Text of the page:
Travel or don’t for your vacation, but travel back in time for a moment with me….back before our burg was born, when the Southern Pomo lived in this rich bioregion in happy numbers. There was a network of villages that had a symbiotic relationship with waters of the Laguna de Santa Rosa on whose banks they lived. According to an old map I have of the “Pomo and their Neighbors” (published by Naturegraph Publishers in 1969), there were no less than 7 villages along the Laguna between Mark West Creek and the bigger Pomo village of Batiklechawi, where Sebastopol stands now. Batiklechawi roughly means “where elderberries grow” and indeed the tree is still fairly prolific here, offering its tasty edibles (flowers, berries) along with medicinal and emollient gifts. We live in the lands that once fed the towns of Masikawani, Kacintui, Tcileton, Cakakmo, Kapten, Butswali and Tcetcewani. Another 19 (yes, nineteen) villages dotted just stretch from Mark West Creek up the Russian River to Healdsburg. It was a busy place – see the map insert.

The spiritual and physical life of the bands here depended on lakes and waterways that pulsed through the Laguna valley, waters once described as reflective and deeply clear. Stories are told of the devastating dynamiting and draining of these once deep and sacred lakes by the invading forces in an effort to destroy the indigenous folk and control the land. The vital lakes were made shallow and nonregenerating or just filled in. Yet the people found ways to carry on, eventually buying lands to secure a corner, and retaining some threads of the languages (there were many distinct tongues in this region), arts and practices. I was among local schoolchildren lucky enough to have some time with famous basket-maker Elsie Allen and other keepers of the old ways, in visits to then-newly reclaimed Ya-ka-ama in Forestville. There we learned of basket making, willow, berry and acorn collecting and processing, building bark summer huts and some songs and stories.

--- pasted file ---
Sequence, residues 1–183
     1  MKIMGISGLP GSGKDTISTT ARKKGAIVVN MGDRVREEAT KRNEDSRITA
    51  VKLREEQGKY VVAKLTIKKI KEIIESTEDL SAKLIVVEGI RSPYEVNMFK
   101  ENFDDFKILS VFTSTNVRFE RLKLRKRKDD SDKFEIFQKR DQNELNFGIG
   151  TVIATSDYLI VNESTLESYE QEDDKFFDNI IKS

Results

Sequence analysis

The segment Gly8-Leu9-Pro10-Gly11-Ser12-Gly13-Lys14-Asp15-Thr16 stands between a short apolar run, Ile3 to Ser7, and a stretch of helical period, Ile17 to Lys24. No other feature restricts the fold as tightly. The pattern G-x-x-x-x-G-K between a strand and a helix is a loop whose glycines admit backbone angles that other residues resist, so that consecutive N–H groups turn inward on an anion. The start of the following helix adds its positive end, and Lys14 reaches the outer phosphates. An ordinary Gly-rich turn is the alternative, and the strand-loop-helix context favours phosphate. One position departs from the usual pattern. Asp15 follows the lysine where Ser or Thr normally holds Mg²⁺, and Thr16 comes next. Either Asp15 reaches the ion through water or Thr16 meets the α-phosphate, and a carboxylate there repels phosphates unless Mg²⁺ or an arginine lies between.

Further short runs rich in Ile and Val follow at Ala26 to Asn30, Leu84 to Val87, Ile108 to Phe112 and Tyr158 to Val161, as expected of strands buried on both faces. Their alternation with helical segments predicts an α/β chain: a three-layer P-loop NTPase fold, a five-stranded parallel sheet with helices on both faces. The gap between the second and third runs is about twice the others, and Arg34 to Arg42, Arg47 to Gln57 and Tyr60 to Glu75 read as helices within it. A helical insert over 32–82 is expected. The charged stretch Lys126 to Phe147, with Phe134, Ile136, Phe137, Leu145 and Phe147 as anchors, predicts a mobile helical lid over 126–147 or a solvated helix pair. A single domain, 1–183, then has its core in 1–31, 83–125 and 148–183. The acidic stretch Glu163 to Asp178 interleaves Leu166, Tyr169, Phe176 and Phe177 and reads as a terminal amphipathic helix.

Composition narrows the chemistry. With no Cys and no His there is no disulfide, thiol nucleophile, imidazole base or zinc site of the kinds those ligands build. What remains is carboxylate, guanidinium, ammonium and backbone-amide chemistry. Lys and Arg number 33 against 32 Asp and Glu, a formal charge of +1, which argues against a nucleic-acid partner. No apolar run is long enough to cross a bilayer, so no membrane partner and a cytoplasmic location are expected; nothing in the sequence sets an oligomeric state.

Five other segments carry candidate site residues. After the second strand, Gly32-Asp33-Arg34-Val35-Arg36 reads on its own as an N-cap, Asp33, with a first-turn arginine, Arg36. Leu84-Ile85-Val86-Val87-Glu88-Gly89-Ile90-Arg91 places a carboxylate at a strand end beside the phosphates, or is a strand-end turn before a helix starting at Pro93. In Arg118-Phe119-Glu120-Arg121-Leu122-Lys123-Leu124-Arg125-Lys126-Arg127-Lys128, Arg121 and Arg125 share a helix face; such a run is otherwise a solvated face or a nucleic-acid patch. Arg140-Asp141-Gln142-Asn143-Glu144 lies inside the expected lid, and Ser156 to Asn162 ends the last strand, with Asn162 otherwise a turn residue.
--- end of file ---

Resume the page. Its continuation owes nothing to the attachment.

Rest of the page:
As I rode through the Laguna area this week, I saw the elder trees in bloom, and thought of a Pomo friend explaining years ago that the bloom and berry cycles of the elder tree were an unfailing guide to his family in when to catch salmon on their seasonal river runs, and that the bloom also signaled that it was time to stop gathering shellfish at the coast until the berries were ripe in the fall.
Keep an eye out for these lovely creamy bunches waving on the small Sambucas Canadensis (elder) trees this month and wave back a little thanks. If you have access and like me have a crazy urge to concoct, try the blossoms in fritters, cordials or meads and bath teas; later the dark iron-rich berries are delectable in preserves, dried or just fresh. And bring some down by the community garden to share a taste!

Painting by Morgana La Fey of Sonoma County

Community Calender

Running on Local: A Discussion About Local Entrepreneurship 
Exploring regional sources for food, fuel and finance to build a more resilient local economy.
2014 Jun 5th - Thu at 5:30 PM
Co-sponsored by: Sustainable Economies Law Center [], Good Food Web [], and Slow Money Northern California [].
Location: Impact Hub Oakland - 2323 Broadway, Oakland, CA - Close to 19th St BART
Buy tickets []

Sebastopol Center for the Arts presents...
Art at the Source
A self-guided tour of art studios in western Sonoma County
June 7 and 8, 2014

Reid's Records 69th Anniversary Celebration
featuring Lee Williams and the Spiritual Q.C.'s
along with the Men of Endurance!
Saturday, June 7th, 3pm through the night!
in partnership with Ozcat Radio's Religious Gems show, broadcast Sundays, 6 to 10am, with host David Reid aka "The Minister of Music". Sponsored by Reid's Records.